Georgia Officers & Directors of Banks Protected

On July 11, 2014, The Supreme Court of Georgia decided that officers and directors of banks are protected by the business judgment rule, which affords officers and directors a presumption of good faith and ordinary care in the performance of their duties a landmark ruling for officers and directors of Georgia’s financial institutions in the landmark decision of FDIC v. Loudermilk.

Background:

FDIC as receiver of The Buckhead Community Bank filed a complaint in the Northern District of Georgia against nine former directors and officers of the failed bank. The FDIC’s complaint asserts claims against the defendants for negligence and for gross negligence and alleges that the defendants engaged in “numerous, repeated, and obvious breaches and violations of the Bank’s Loan Policy, underwriting requirements and banking regulations, and prudent and sound banking practices” as “exemplified” by thirteen loans and loan participations the defendants approved that caused the bank damages “in excess of $21.8 million.”

The defendants moved to dismiss the FDIC‘s ordinary negligence claims against them, relying on several prior decisions in failed bank cases in the Northern District of Georgia that bank directors cannot be held liable for ordinary negligence under Georgia’s business judgment rule.

In a unanimous opinion, Justice Blackwell confirmed that the business judgment rule is a “settled part of our common law in Georgia and that it applies to bank directors and officers to the same extent as it applies to non-bank directors and officers. A series of Georgia cases suggested that, while courts should not second-guess well-intended business decisions that turn out badly, a director cannot abdicate his or her responsibilities to reach business decisions in an informed and deliberative manner and expect to be protected by the business judgment rule.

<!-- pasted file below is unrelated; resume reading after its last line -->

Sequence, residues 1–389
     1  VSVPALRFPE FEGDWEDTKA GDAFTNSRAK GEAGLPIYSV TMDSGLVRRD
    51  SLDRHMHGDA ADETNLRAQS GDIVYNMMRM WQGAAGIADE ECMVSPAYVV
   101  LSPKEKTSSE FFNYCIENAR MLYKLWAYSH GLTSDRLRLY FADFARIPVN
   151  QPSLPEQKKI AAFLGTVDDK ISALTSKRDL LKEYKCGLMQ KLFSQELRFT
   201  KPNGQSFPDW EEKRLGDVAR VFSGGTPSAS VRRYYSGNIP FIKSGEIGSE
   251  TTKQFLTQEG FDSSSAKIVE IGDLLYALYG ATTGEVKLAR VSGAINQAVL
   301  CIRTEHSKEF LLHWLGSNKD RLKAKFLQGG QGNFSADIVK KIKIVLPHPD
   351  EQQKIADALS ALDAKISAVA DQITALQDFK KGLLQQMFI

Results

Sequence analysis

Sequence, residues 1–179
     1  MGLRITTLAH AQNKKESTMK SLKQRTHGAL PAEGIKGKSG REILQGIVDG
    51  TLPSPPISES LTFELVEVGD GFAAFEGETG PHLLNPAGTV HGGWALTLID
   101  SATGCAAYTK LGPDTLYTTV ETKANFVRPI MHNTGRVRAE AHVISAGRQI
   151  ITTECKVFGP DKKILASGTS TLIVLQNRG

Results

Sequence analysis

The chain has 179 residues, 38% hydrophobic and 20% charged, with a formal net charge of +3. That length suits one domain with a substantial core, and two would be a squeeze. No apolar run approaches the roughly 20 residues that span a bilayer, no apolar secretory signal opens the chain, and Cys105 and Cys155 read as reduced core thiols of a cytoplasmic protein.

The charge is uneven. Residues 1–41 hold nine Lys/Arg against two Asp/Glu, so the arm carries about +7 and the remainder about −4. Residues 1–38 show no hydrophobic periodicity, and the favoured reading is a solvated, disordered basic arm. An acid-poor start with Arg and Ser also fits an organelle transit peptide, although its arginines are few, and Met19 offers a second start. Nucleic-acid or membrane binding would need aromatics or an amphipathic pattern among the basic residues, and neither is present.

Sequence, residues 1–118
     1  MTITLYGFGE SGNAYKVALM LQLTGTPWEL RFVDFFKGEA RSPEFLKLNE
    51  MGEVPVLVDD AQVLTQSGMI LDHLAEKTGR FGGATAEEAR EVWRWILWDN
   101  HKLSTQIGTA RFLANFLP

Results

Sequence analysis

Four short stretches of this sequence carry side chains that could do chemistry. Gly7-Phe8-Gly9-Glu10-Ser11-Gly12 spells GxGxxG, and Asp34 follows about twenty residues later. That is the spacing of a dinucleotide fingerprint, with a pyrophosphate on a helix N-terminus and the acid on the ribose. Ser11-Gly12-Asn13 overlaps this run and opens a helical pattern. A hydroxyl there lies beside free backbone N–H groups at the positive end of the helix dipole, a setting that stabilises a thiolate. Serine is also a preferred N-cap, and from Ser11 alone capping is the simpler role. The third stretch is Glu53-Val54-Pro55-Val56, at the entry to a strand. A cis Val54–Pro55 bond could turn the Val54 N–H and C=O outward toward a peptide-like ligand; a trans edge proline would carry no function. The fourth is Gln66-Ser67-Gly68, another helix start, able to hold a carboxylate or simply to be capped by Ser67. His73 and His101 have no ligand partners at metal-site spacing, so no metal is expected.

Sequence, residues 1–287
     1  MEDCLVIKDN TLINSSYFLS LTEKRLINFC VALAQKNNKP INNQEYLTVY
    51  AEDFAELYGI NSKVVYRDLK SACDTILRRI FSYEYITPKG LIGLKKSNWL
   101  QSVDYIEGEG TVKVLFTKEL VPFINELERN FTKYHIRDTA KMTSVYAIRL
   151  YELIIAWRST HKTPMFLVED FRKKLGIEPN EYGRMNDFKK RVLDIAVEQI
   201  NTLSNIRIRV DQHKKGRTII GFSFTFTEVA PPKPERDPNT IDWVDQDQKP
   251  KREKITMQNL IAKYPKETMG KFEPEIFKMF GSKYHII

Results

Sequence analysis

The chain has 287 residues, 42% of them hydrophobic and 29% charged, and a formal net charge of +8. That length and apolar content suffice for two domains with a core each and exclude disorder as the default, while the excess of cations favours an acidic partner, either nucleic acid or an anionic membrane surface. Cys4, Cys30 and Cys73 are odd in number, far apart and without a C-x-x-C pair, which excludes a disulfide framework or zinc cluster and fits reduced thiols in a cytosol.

We believe this is important because it is now  now more important than ever for Georgia directors and officers to carefully consider and document the process by which business decisions are reached. While this was a victory for directors and officers in Georgia, the opinion does open the door for directors and officers to face liability for some types of negligence claims.

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